Edinburgh Preclinical Imaging

Serelaxin as a potential treatment for renal dysfunction in cirrhosis

Selective targeting of renal vasoconstriction using serelaxin may modulate renal dysfunction in cirrhosis without affecting systemic blood pressure.

  • Hepatorenal syndrome type 1 is a rapidly progressive, but potentially reversible, form of acute kidney injury occurring in patients with liver cirrhosis, characterized by severe renal vasoconstriction and a very poor prognosis. There is a significant unmet need for a widely approved, safe, and effective pharmacological treatment.
  • Serelaxin, a recombinant form of the human peptide hormone relaxin-2, has been shown to increase renal perfusion in healthy human volunteers. We tested whether serelaxin could ameliorate renal vasoconstriction and renal dysfunction in cirrhosis.


What did we do and find?

  • Administration of serelaxin improved renal blood flow (measured by high resolution ultrasound), oxygenation (measured with BOLD-MRI), and function in two independent animal models of cirrhosis through reversal of endothelial dysfunction and increased activation of nitric oxide signaling in the kidney.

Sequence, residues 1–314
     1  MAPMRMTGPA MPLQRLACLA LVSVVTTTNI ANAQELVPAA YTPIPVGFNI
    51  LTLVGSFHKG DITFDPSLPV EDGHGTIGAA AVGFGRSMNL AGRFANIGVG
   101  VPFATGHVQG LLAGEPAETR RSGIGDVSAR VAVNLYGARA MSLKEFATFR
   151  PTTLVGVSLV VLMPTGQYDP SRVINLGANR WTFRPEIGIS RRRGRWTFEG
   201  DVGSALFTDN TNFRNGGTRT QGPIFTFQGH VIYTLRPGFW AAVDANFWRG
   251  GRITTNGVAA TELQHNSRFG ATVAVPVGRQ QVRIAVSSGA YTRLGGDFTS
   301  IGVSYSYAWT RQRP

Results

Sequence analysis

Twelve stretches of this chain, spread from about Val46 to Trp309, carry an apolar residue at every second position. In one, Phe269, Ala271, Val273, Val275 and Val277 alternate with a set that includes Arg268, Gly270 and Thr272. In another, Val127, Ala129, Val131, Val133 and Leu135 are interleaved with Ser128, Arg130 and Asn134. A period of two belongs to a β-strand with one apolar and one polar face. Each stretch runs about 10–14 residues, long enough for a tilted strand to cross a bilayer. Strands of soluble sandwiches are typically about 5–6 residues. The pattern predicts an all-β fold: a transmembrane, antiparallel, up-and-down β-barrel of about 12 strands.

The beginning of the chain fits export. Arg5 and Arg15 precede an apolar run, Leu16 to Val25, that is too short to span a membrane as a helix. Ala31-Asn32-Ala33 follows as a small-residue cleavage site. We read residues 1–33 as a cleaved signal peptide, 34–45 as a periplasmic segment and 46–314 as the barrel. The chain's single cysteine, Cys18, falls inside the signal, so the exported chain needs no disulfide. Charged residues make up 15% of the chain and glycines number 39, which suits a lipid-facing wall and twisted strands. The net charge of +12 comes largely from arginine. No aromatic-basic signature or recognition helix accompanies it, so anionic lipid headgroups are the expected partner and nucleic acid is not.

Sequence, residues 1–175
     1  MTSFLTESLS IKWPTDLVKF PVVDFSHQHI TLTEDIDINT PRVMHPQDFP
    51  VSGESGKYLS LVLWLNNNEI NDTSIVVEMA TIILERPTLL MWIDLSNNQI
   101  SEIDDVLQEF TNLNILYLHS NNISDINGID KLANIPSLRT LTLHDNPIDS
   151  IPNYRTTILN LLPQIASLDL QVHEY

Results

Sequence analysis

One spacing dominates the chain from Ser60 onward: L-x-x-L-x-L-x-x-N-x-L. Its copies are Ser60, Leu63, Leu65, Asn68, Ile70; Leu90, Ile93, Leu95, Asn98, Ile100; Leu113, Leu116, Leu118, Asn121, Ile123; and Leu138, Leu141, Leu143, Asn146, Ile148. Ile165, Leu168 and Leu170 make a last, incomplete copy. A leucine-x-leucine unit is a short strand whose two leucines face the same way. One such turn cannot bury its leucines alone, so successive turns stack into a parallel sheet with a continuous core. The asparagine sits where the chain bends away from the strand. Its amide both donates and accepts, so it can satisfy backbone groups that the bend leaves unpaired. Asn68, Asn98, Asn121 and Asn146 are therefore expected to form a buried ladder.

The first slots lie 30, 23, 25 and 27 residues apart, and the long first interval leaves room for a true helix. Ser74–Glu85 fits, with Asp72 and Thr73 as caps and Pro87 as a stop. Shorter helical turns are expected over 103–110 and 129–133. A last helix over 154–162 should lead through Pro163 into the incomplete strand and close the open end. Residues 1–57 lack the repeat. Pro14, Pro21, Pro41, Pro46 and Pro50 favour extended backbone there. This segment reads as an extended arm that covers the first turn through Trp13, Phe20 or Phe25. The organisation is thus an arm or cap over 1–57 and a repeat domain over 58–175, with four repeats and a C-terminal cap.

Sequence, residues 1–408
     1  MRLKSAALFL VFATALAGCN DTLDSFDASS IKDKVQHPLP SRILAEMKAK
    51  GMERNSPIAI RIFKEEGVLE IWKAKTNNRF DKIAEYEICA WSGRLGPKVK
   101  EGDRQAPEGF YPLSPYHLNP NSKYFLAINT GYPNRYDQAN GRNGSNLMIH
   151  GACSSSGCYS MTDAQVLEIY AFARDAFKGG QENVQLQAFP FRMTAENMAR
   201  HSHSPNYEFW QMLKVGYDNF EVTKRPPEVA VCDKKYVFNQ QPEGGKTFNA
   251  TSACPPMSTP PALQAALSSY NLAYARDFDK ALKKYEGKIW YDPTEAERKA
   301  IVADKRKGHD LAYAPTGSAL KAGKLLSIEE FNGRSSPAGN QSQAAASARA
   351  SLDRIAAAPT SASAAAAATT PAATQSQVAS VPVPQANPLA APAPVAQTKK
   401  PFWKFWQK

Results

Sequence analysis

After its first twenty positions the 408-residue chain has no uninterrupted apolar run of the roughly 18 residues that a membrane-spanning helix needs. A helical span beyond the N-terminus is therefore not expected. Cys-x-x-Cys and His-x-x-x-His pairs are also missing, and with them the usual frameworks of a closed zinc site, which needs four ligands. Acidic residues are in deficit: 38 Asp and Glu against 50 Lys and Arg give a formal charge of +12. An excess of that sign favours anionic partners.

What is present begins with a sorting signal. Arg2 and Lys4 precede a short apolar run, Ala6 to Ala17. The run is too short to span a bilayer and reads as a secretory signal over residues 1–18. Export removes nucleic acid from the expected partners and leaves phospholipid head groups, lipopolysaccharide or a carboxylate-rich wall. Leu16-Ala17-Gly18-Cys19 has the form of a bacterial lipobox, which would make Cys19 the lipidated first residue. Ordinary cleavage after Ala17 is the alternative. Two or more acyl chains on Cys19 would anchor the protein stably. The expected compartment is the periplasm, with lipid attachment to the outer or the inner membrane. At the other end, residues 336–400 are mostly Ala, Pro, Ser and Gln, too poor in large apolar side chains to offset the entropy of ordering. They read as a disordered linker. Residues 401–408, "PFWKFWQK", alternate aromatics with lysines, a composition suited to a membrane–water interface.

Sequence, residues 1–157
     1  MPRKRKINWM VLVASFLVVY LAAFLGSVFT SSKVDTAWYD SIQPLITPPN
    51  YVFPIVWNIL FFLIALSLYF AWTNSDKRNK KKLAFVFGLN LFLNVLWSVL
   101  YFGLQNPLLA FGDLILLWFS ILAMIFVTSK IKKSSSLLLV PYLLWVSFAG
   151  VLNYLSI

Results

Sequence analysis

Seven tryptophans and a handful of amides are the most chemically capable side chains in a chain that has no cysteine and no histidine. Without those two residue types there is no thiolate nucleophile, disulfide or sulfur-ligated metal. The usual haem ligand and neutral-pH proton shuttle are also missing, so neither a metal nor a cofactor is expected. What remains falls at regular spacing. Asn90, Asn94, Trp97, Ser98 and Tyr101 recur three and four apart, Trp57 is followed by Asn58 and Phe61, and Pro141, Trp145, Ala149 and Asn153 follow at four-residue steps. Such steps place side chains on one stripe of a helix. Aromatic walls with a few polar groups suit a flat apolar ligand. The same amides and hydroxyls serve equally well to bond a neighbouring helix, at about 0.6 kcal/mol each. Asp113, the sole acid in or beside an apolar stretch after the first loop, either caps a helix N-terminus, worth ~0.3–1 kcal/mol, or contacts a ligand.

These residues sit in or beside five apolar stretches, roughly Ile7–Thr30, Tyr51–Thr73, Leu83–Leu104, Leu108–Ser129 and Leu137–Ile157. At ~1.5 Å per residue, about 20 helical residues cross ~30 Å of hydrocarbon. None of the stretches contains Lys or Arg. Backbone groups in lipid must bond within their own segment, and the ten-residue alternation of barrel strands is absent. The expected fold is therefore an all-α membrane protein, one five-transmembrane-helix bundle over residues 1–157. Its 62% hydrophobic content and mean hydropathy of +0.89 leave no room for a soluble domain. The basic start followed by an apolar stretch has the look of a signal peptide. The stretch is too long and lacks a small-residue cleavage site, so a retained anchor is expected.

• In an exploratory phase 2 clinical trial in patients with cirrhosis and portal hypertension, serelaxin infusion induced a significant increase in renal blood flow and was safe and well tolerated, with no adverse effects on systemic blood pressure or hepatic perfusion.



Snowdon VK, Lachlan NJ, Hoy AM, Hadoke PW, Semple SI, Patel D, Mungall W, Kendall TJ, Thomson A, Lennen RJ, Jansen MA, Moran CM, Pellicoro A, Ramachandran P, Shaw I, Aucott RL, Severin T, Saini R, Pak J, Yates D, Dongre N, Duffield JS, Webb DJ, Iredale JP, Hayes PC, Fallowfield JA. Serelaxin as a potential treatment for renal dysfunction in cirrhosis: Preclinical evaluation and results of a randomized phase 2 trial. PLoS Med. 2017 Feb 28;14(2):e1002248